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"I remember well the day I sketched the green I.O.T. tugboat.  I had a bright June day, (June 10, 1976), and warm sunny weather. At my back was the Marine Police Station, (located then on the lower end of the Broadway Pier). An 'old salt' working upon the deck of this tugboat called out, "Why don't you draw 'the stiff'?..."

 

click on any work to enlarge

 
   
     

     

Sea Duke

Miriam M. DeFelice

Moran Fells Point Tug

Artist notes

Artist notes

click the tug to visit the Dutch tugboat website

   

     

Skipjacks Racing

A Choptank Morning

Skipjacks Racing 2

   

Artist notes on the skipjacks

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Lady Maryland

     Elsworth & Kathryn

 

Artist notes

   
     

     

Emma Giles

Steamship President Warfield

City of Norfolk - detail

Artist Notes

Artist notes

Artist Notes

     
     
     

To see some of Melvin Miller's other tugboat paintings, visit: tugboat.nl

Tugboat.nl is a Dutch web site that specializes in tugboats. You'll find everything from tugboat parts to tugboat art.

     
     

 

 

 

Hyde Street Pier

James McAllister

I.O.T. Tug

 

Artist notes

Artist Notes

 

 

 
     

     

AT&T Cable Ship Global Link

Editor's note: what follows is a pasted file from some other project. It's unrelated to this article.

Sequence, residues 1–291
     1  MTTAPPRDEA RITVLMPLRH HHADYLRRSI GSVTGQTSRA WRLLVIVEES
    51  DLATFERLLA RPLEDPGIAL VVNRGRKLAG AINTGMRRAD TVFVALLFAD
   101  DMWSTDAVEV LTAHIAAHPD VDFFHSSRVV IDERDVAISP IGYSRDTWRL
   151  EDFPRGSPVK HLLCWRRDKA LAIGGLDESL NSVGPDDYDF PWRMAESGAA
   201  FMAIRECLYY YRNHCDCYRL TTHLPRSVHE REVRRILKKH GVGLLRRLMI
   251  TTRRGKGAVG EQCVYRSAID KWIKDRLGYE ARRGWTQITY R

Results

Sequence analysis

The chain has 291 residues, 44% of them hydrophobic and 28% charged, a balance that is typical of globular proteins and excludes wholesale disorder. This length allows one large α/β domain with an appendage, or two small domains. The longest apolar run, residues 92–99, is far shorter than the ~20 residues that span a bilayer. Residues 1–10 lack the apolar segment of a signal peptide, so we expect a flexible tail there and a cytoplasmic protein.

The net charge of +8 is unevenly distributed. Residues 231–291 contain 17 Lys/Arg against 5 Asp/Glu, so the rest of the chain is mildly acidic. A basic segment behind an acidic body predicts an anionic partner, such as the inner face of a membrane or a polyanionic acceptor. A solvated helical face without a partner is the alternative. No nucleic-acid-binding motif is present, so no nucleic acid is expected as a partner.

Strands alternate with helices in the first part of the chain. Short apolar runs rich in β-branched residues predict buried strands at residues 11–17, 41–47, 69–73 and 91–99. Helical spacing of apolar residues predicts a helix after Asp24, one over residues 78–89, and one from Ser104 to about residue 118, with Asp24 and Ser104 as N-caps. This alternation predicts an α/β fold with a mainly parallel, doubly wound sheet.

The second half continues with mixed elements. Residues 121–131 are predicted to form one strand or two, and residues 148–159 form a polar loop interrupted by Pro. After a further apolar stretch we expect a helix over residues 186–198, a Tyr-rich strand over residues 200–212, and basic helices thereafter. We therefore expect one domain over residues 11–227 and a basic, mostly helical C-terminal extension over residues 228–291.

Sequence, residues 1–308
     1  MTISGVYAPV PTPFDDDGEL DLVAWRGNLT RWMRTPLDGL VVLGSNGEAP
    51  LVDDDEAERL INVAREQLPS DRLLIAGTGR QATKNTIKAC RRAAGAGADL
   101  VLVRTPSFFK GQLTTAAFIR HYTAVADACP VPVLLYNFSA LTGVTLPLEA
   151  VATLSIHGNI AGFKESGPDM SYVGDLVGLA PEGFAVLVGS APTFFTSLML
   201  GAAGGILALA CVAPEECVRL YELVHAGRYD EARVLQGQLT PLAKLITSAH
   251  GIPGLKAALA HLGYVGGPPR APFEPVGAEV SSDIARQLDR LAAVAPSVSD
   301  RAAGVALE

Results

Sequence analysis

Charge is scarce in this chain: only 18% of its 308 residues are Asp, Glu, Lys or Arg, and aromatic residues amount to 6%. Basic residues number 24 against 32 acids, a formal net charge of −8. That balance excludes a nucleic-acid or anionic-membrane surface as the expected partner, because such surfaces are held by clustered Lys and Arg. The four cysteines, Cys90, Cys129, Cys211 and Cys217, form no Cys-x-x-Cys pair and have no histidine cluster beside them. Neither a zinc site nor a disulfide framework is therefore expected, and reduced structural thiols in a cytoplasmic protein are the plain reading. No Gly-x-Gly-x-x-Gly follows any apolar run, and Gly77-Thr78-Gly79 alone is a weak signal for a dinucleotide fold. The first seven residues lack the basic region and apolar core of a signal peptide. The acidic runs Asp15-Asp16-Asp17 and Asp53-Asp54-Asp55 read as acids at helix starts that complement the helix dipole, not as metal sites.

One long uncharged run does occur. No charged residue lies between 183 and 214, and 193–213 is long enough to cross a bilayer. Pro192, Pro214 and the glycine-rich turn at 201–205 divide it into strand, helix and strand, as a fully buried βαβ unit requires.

AT&T Cable Ship Global Sentinel

Artist notes

Artist notes

   

 

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The Sea Duke and Miriam M. DeFelice are Crowley tugboats, with a cream and white color and red smokestacks. They are a major west coast tugboat firm – usually called the Crowley ‘Red Stacks’. I did some work in San Francisco where I found them. I liked the colors. Top
   
   
The Moran Fells Point Tug - Before the 1980's, the Fells Point wore the colors of the Curtis Bay tugs, (white with a blue diamond upon the smokestack). The Curtis Bay towing tugboats were owned by the Moran Towing Co. out of New York.  In the early 1980's, the Fells Point was repainted in the regular maroon color of the Moran tugs, with a black smokestack and a white "M." I found this tug at the City Pier in Fells Point. The ship in the background was an AT&T cable ship named "Long Lines" and is frequently docked at Port Covington.  Top
   
   
James McAllister - An old New York steam tug.  Top  
   
   
Ellsworth & Kathryn -As I remember this subject, there was a bit of a comparison between these 2 skipjacks. The Elsworth is one of the newer skipjacks. I saw the 'Living Classroom' doing some work on this tight little ship at their pier at the foot of Central Avenue in Baltimore City. She was tight as a drum, no bilge water, no leaking, etc. The Elsworth was one of the smaller skipjacks, probably less than 40 feet long and about 15 foot of beam. To compare this with the Kathryn, the Kathryn may have been around 60 feet in length. I hear it was leaking so much it needed 5 bilge pumps running full time to keep her afloat. The Kathryn was one of the oldest skipjacks. I do not know the present status of the Kathryn.